1. App and server stability improvements
  2. Gradual introduction and testing of essential social features (it’s a mobile platform, after all):
    • Trading with friends
    • Battling with friends
    • Sharing on social media
  3. Gradual global roll-out of app availability
  4. Host an in-game special event
  5. Introduce new Pokémon

Hopefully Niantic’s analytics team is paying attention to what’s happening, and are now carefully studying the past 4 months. They must know now that Pokémon Go was not in an inevitable decline, that they’re still sitting on a massive golden mine, and that they still have the power to boost the app to new heights.

I am cautiously hopeful for the future of Pokémon Go. Come on, Niantic, give us what we want; it isn’t that hard to make Pokémon fans happy.

Reflecting on Pokémon Go: Part 1

TL;DR: Niantic lucked out in a huge way, but they may have squandered Pokémon Go’s enormous potential. Here I explain my feelings and thoughts on the matter.


For almost an entire year before July 2016, Pokémon fans around the world eagerly awaited the arrival of Niantic’s Pokémon Go. We fondly recalled the Nintendo games and TV shows of our youth, and were beyond excited to experience the same joy again on our now-ubiquitous mobile phones.

I remember watching the original trailer for Pokémon Go in 2015 and feeling a lump in my throat — the kind that immediately precedes tears of joy. It was the most amazing video game ad I’ve ever seen, and it spoke to all of my most treasured experiences and associated childhood feelings. I watched the trailer at least 5 times in a row.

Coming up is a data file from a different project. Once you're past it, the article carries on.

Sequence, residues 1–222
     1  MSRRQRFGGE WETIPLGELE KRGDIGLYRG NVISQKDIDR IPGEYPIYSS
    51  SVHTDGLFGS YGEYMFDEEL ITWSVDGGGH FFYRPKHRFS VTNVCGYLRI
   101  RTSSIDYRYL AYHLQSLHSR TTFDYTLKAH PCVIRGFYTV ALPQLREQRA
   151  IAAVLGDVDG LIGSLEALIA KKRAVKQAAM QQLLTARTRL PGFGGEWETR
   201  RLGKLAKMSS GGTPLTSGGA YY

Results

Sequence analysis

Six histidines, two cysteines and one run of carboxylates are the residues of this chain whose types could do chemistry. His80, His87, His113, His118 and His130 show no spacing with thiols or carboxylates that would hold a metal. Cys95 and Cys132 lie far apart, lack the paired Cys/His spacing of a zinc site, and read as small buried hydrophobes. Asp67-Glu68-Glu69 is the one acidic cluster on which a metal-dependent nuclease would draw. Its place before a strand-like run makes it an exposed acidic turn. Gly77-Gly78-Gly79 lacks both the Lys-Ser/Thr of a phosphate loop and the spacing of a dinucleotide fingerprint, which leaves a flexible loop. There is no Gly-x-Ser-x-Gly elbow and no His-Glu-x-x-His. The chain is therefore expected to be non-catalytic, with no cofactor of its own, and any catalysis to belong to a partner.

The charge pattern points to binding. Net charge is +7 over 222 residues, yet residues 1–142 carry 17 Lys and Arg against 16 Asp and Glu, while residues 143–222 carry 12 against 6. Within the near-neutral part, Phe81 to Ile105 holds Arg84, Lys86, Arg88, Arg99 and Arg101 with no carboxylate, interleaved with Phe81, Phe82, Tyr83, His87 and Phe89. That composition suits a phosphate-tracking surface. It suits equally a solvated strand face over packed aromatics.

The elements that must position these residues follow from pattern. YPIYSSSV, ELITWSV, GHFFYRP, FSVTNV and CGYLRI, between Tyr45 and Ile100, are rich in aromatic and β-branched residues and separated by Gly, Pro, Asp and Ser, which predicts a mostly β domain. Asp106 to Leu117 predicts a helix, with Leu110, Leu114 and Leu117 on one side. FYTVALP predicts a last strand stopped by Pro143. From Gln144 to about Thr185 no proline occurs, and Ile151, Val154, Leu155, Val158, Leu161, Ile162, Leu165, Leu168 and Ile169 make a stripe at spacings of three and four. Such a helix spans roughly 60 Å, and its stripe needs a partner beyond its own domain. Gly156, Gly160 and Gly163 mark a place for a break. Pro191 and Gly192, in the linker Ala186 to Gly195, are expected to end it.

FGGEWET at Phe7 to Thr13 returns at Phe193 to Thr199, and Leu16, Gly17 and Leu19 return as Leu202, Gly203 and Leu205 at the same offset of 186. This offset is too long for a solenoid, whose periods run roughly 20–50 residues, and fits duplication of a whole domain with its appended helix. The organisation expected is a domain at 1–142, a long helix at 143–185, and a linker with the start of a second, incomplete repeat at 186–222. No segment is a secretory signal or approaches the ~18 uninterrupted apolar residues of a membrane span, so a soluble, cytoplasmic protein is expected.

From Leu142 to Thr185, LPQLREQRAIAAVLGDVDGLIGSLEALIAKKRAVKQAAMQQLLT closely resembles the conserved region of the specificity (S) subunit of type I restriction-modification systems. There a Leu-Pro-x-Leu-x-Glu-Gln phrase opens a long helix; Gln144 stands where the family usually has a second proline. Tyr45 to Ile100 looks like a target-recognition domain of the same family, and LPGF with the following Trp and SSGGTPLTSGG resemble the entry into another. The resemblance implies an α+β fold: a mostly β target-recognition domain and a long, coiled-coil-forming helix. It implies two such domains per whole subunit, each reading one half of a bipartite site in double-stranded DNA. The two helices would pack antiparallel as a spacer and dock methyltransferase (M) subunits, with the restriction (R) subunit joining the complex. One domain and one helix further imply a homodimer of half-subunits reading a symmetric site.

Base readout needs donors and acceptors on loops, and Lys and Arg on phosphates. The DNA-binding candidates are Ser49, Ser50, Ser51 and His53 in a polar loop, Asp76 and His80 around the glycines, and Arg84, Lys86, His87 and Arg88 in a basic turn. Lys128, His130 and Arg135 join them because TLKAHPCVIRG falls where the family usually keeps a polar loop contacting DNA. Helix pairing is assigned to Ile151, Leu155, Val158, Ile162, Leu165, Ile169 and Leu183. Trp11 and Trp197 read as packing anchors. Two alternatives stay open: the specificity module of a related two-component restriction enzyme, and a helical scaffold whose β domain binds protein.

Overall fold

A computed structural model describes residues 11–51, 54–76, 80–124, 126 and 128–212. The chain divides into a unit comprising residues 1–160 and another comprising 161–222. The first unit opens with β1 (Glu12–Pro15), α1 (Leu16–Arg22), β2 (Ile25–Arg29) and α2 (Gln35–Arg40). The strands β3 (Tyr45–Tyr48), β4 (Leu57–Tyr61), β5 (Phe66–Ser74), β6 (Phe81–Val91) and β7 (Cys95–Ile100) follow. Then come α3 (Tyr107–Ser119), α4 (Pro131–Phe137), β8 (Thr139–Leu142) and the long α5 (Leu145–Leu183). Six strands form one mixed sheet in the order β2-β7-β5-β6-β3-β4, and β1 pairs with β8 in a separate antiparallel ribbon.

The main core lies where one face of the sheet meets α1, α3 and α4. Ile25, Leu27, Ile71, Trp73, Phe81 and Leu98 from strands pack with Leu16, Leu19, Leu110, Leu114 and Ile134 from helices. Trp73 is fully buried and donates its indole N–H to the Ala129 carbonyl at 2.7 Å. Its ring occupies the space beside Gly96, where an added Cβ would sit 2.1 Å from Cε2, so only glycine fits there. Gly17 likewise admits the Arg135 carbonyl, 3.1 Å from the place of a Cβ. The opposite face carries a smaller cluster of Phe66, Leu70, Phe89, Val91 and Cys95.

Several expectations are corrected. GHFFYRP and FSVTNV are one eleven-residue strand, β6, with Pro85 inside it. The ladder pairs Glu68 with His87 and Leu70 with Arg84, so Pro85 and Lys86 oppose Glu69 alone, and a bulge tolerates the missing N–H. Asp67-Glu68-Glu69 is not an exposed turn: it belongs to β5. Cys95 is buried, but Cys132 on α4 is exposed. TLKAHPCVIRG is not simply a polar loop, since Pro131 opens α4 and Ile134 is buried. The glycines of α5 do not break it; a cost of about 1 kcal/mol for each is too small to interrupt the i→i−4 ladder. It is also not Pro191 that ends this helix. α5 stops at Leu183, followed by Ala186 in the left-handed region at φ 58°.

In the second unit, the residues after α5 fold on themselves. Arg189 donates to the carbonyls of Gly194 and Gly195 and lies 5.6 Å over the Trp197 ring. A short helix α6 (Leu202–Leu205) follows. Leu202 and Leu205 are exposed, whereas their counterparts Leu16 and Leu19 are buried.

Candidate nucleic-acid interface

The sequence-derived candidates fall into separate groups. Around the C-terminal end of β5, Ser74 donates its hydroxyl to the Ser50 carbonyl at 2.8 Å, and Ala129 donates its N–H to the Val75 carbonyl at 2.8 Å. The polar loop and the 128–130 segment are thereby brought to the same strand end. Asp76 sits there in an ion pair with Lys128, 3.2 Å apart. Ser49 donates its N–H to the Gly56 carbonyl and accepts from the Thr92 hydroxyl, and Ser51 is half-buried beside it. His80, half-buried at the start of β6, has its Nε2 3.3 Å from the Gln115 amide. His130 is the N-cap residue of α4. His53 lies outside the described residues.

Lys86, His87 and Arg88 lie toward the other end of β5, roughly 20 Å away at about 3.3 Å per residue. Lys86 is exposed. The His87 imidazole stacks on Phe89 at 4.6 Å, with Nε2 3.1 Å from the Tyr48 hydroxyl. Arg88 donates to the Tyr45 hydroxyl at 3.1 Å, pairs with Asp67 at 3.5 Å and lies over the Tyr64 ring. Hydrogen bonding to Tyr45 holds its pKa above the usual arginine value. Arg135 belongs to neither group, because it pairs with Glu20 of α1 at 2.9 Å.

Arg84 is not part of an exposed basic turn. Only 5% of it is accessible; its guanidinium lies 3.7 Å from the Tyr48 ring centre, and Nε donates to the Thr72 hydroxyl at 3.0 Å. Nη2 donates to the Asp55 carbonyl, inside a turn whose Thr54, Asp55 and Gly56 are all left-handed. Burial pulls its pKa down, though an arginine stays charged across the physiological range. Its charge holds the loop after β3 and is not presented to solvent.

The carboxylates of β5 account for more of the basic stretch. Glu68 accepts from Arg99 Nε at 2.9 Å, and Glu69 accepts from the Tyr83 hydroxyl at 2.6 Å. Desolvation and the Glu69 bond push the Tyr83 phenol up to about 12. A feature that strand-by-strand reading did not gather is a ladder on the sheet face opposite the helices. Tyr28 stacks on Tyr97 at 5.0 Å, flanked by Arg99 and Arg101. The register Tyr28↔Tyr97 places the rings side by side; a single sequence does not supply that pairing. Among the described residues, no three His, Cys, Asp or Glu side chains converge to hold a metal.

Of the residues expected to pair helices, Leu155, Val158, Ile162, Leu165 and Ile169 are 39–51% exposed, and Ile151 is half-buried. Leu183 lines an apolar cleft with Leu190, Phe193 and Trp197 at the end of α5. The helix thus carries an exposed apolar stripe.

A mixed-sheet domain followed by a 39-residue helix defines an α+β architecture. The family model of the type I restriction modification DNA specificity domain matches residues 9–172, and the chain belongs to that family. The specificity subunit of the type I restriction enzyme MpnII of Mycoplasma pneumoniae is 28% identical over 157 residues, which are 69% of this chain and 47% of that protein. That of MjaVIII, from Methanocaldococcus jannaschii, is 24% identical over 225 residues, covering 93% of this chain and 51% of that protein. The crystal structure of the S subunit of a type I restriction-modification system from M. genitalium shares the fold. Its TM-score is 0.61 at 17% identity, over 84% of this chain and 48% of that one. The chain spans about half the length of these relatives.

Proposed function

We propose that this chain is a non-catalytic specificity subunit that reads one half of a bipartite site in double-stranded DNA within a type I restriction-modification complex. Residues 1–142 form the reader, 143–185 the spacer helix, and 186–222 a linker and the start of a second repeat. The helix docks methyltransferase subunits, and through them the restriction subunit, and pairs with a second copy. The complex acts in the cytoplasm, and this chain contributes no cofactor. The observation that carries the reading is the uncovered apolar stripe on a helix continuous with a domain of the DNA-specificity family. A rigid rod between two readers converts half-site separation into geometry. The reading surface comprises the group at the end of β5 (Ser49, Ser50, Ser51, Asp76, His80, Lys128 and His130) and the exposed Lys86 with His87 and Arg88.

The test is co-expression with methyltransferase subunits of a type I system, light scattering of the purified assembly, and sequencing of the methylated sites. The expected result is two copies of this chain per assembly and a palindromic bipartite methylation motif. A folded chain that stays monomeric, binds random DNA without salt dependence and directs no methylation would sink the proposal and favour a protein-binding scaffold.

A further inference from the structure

This was true for a lot of other people too. You see, Pokémon was more than a Nintendo franchise for us — it was a familiar face, a childhood friend, and a stable constant for our former younger selves. We loved Pokémon like we loved Disney. It was special in a way that Pac-Man never was, even to those of you who spent their formative years in the ’80s. Firing up a Pokémon game was like coming home.

(Side note: In middle school, I was active on multiple Pokémon message boards. To this day, I still know how to type an accented “é” using ALT+130 on the keyboard numpad.)

We had no idea what to expect before Pokémon Go’s release. All we knew was that it was going to be some subset of the things we loved already from the franchise, which included:

  • Collecting Pokémon and filling our Pokédex (721 species were in the franchise by mid-2016)
  • Earning badges and/or achievements
  • Getting items
  • Growing, leveling, and evolving Pokémon
  • Incorporating some real-world VR/AR element